FOR KIDS: Lasers of a feather

A nifty light trick in bird feathers inspires researchers to create a new kind of laser

FOR KIDS: Lasers of a feather

Tiny air bubbles in the feathers of the cotinga bird (illustrated) scatter light, giving the plumage its bright blue color.Proceedings of the Zoological Society of London. 1856, plate 123, Biodiversity Heritage Library

Lasers are everywhere: They scan bar codes at the supermarket, they read data from DVDs, and they can even be used to remove unwanted body hair. Scientists have shown that lasers can be built in many different ways — now even by taking cues from animals.

A laser produces a beam of light of a single color. In most modern lasers, light starts bouncing back and forth between mirrors. The space between the mirrors contains a crystal or a gas that adds high-energy photons, or light energy, to the light beam as it bounces around. These photons, traveling in the same direction, create the beam.

In recent years, researchers have found ways to build lasers without mirrors. Scientists have now found inspiration for a new type of mirrorless laser in an unusual place — bird feathers.

It may be hard to imagine how feathers and lasers go together. The new laser doesn’t look like a feather, and it won’t help birds fly. The scientists who invented the laser got their idea from the way some bird feathers — like the blue plumage of the plum-throated cotinga — get their color.

The feather connection comes from a 1998 discovery by Richard Prum, an ornithologist — someone who studies birds — at Yale University. Prum found that some bird feathers get their color from tiny pockets of air trapped in the barbs. Barbs are the tiny, hairlike filaments that form the soft, flexible part of the feather.

“Birds use these structures to create colors that they can’t make in other ways,” Prum told Science News.

When light strikes these air pockets, it scatters, or is redirected — sometimes in many different directions. In the case of the cotinga, the scattering produces blue light, so the bird’s feathers appear blue. The laser inventors used tiny holes drilled into thin sheets of a semiconductor to simulate the air bubbles. (Semiconductors can conduct electricity and are very important in devices like computer chips and solar cells.)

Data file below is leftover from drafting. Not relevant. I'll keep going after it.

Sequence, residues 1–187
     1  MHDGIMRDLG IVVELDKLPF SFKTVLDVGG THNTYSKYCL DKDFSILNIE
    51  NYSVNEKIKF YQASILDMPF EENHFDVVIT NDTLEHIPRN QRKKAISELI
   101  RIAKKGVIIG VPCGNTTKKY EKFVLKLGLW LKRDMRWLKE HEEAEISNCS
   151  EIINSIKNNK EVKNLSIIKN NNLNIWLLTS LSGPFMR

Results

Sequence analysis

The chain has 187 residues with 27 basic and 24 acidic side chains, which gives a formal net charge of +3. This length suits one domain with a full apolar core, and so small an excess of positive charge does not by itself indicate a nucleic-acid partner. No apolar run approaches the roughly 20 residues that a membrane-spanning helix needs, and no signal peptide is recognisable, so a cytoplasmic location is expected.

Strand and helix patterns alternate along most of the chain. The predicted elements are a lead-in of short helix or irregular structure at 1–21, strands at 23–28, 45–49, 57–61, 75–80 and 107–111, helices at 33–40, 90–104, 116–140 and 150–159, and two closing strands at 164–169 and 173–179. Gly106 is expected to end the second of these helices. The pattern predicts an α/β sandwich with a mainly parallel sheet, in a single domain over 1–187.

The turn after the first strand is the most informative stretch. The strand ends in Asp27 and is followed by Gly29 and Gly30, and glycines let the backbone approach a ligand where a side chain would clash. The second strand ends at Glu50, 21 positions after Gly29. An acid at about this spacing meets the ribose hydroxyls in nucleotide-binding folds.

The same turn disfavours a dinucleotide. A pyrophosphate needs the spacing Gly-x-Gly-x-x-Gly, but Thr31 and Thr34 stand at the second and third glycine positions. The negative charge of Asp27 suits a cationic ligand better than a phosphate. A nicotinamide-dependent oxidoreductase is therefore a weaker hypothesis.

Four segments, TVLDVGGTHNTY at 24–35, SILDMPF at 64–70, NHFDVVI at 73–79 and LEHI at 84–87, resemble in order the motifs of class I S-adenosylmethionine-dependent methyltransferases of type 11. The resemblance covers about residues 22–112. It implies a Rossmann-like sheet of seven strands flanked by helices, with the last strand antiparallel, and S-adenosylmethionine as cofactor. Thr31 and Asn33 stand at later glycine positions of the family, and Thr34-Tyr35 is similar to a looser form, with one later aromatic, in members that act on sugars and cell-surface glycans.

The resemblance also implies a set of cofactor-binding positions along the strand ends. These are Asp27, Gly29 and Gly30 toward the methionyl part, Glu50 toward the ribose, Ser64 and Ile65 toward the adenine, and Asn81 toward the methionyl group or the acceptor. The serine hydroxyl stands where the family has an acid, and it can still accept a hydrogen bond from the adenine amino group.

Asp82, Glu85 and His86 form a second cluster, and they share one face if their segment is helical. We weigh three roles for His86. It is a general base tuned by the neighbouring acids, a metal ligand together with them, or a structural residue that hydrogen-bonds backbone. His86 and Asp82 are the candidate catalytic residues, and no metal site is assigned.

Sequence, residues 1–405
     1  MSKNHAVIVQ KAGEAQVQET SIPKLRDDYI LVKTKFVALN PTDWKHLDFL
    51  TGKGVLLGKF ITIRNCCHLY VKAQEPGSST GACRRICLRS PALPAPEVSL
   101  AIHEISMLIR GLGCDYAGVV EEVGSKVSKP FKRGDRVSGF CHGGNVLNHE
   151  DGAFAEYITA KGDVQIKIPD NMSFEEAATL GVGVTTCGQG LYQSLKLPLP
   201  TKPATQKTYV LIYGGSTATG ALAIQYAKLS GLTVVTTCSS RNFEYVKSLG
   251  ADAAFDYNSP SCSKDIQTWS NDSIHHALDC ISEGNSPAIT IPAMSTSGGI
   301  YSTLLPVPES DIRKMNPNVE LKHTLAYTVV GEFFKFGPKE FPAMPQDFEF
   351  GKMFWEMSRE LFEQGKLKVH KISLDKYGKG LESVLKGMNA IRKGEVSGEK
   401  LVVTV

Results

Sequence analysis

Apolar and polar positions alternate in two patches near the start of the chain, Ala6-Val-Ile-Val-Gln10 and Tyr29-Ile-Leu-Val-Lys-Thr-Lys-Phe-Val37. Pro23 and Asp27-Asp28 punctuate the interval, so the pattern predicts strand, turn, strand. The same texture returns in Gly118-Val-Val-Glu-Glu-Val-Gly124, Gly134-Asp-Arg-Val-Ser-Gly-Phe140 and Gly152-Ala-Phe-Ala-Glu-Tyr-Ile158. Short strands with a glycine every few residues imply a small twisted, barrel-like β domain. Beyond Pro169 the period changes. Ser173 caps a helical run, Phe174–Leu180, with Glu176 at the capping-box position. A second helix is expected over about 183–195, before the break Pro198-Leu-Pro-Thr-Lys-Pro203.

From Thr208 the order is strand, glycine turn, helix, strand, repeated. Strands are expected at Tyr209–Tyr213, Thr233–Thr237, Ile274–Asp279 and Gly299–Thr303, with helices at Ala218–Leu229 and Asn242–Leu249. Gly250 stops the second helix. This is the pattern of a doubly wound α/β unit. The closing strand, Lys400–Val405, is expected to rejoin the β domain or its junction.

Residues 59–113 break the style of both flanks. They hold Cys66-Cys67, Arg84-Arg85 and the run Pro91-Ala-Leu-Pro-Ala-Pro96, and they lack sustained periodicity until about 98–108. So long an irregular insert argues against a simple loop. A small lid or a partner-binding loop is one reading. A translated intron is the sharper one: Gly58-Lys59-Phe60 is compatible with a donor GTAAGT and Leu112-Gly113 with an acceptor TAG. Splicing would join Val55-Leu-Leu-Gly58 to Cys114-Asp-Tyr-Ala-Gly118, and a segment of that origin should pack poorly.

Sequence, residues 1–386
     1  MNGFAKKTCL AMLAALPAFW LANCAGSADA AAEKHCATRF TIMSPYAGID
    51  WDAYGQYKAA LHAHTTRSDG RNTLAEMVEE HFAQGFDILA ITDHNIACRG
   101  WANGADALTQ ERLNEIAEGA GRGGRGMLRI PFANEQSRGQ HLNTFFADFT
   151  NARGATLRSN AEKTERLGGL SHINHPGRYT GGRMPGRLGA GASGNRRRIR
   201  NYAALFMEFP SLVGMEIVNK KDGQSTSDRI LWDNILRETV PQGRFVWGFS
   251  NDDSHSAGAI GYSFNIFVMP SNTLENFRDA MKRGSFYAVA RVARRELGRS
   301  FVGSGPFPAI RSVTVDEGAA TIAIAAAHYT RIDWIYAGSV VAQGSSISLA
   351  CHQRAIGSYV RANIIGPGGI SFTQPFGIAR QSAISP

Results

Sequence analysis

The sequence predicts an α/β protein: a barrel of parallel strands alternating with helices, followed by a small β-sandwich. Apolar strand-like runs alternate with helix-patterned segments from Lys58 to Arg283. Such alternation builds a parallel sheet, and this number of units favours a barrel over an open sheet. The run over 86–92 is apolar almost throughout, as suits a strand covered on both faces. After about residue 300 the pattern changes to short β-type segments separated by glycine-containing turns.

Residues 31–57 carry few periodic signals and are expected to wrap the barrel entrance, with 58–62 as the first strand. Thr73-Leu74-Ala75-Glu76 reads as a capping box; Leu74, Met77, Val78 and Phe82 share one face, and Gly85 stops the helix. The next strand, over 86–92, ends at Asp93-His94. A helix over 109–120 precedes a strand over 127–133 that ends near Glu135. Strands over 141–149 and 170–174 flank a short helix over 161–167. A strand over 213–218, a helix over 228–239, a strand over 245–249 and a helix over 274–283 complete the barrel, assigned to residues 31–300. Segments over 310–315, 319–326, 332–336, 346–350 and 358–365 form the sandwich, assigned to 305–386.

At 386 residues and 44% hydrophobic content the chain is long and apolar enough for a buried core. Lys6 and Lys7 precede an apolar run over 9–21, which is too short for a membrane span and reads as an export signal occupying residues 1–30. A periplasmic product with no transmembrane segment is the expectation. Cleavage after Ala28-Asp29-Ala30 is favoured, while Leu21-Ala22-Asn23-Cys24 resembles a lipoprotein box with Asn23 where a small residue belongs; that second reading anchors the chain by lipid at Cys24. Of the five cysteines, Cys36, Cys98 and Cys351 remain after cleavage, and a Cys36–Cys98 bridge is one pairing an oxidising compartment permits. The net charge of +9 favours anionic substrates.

These tiny holes did the same thing as the tiny bubbles: They scattered light. It went in one side of the hole, and as it came out the other, it shot off in all different directions. Then the light gained energy as it passed through a material that built up the beam.

The team says it can change the color of the beam by changing the size and arrangement of the holes. The laser still needs some work. But Hui Cao, the Yale University physicist who led the team, told Science News that the new laser is more efficient than some other mirrorless lasers.

“The lesson we learned from nature is that we don’t need something perfect to get control,” Cao said.

The researchers hope these early tests of the featherlike laser will lead to a new, cheaper laser. But there’s one thing the laser can’t do, no matter where it came from: It won’t help us fly.

POWER WORDS (adapted from the New Oxford American Dictionary)

laser A device that generates an intense beam of single-colored light (or other radiation). A laser’s beam is made of photons produced by excited, or energetic, atoms or molecules. Lasers are used in drilling and cutting, alignment and guidance, and in surgery. The word laser comes from an acronym: Light Amplification by Stimulated Emission of Radiation.

semiconductor  A solid substance that conducts electricity better than insulators but worse than metals. Devices made of semiconductors, notably silicon, are essential components of most electronic circuits.

ornithology The scientific study of birds.

barb One of the fine, hairlike filaments growing from the shaft, or rigid center, of a feather.